The downside to F1's show and tell proposal Plus

The downside to F1's show and tell proposal

Technology lies at the heart of the F1 story and it fascinates fans, which is why the commercial rights holder plans to compel teams to show more of their ‘secrets’. STUART CODLING fears this will encourage techno-quackery…

Formula 1
Nov 29, 2021
How getting sacked gave Mercedes F1’s tech wizard lasting benefits Plus

How getting sacked gave Mercedes F1’s tech wizard lasting benefits

He’s had a hand in world championship-winning Formula 1 cars for Benetton, Renault and Mercedes, and was also a cog in the Schumacher-Ferrari axis. Having recently ‘moved upstairs’ as Mercedes chief technical officer, James Allison tells STUART CODLING about his career path and why being axed by Benetton was one of the best things that ever happened to him

Formula 1
Nov 28, 2021
The remarkable qualities that propelled Kubica’s F1 comeback Plus

The remarkable qualities that propelled Kubica’s F1 comeback

It’s easy to look at
 Robert Kubica’s second Formula 1 career and feel a sense of sadness that he didn’t reach the heights for which he seemed destined. But as BEN ANDERSON discovered, performance and results are almost meaningless in this context – something more fundamental and incredible happened…

Formula 1
Nov 27, 2021
The humbling changes Ricciardo made to deliver the goods for McLaren  Plus

The humbling changes Ricciardo made to deliver the goods for McLaren 

From being lapped by his own team-mate in Monaco to winning at Monza, it’s been a tumultuous first season at McLaren for Daniel Ricciardo. But, as he tells STUART CODLING, there’s more to the story of his turnaround than having a lovely summer holiday during Formula 1's summer break...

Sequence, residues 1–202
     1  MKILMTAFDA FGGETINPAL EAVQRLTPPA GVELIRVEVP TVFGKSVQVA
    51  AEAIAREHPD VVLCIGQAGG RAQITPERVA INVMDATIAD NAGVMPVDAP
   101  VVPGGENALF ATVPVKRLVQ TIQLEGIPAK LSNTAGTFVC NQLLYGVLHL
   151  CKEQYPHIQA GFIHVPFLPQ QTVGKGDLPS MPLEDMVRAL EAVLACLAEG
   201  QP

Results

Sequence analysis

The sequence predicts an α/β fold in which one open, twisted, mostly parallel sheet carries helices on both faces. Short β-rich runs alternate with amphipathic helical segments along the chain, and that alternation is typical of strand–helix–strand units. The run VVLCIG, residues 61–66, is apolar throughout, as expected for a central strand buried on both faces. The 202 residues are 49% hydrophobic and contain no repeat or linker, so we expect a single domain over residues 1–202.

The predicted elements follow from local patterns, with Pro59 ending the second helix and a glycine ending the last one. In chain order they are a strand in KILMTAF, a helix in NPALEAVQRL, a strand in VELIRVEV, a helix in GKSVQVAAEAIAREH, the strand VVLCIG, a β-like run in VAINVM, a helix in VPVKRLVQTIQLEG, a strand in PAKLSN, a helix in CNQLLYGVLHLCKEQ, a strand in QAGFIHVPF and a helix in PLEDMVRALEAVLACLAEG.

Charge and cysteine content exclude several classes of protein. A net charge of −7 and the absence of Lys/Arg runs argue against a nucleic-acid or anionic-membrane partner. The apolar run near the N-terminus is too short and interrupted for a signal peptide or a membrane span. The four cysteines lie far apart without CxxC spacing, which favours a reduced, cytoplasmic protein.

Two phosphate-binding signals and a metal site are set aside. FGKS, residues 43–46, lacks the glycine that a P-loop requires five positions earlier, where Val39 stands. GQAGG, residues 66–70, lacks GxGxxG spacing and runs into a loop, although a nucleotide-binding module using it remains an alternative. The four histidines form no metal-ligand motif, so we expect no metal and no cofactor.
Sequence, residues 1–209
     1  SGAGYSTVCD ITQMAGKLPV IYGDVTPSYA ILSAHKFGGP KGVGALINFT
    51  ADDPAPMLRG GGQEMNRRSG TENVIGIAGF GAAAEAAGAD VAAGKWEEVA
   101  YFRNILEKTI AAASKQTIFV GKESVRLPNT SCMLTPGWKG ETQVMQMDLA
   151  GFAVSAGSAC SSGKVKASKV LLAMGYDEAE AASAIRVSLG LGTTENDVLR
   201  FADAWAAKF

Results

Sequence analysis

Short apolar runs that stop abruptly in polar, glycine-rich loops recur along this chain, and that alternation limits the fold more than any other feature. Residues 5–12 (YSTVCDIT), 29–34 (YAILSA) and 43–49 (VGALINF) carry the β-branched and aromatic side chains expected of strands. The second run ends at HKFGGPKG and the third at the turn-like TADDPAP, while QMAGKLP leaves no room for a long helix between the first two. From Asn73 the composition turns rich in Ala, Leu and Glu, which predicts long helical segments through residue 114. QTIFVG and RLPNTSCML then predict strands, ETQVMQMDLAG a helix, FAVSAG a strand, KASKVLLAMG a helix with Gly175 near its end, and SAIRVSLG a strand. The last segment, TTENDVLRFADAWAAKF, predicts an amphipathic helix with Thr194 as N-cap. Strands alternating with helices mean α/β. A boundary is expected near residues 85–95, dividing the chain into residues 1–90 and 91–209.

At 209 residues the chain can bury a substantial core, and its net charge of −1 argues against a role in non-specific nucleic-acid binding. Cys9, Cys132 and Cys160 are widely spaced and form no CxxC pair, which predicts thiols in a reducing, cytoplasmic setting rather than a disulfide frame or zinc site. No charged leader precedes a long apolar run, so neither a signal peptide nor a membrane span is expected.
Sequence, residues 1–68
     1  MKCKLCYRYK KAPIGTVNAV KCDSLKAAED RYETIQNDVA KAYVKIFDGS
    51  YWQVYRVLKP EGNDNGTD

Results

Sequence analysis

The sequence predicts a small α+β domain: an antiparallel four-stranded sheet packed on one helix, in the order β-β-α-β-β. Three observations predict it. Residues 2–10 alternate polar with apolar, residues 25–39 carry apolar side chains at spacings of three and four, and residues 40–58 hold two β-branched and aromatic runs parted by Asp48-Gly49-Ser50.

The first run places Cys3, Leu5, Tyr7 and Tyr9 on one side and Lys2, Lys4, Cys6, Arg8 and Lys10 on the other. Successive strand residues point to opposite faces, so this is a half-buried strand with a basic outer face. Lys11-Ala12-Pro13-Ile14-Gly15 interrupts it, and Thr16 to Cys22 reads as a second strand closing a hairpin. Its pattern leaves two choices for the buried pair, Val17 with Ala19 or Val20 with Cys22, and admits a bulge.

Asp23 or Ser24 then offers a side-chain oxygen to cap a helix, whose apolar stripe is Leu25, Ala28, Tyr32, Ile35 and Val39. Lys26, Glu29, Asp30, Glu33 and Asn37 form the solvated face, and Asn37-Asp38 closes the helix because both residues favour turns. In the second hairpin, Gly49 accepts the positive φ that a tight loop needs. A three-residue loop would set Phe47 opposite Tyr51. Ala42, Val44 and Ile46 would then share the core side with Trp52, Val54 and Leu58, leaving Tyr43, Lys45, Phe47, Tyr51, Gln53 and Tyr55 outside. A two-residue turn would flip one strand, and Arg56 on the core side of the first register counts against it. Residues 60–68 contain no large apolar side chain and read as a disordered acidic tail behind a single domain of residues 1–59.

Formula 1
Nov 26, 2021
The potential benefits of losing the F1 constructors' title Plus

The potential benefits of losing the F1 constructors' title

As the battle continues to rage over the F1 2021 drivers' championship, teams up and down the grid are turning their attentions to the prize money attributed to each position in the constructors' standings. But F1's sliding scale rules governing windtunnel and CFD use will soften the blow for those who miss out on the top places

Formula 1
Nov 25, 2021
The invisible enemy that’s made Hamilton’s title charge tougher Plus

The invisible enemy that’s made Hamilton’s title charge tougher

After winning his past few Formula 1 titles at a canter, Lewis Hamilton currently trails Max Verstappen by eight points heading into the final double-header of 2021. Although Red Bull has been his biggest on-track challenge, Hamilton feels that he has just as much to grapple with away from the circuit

Formula 1
Nov 24, 2021
Why F1’s inconvenient penalties have to stay Plus

Why F1’s inconvenient penalties have to stay

OPINION: Quibbles over the length of time taken by Formula 1's stewards over decisions are entirely valid. But however inconvenient it is, there can be no questioning the importance of having clearly defined rules that everyone understands and can stick to. Recent events have shown that ambiguity could have big consequences

Formula 1
Nov 23, 2021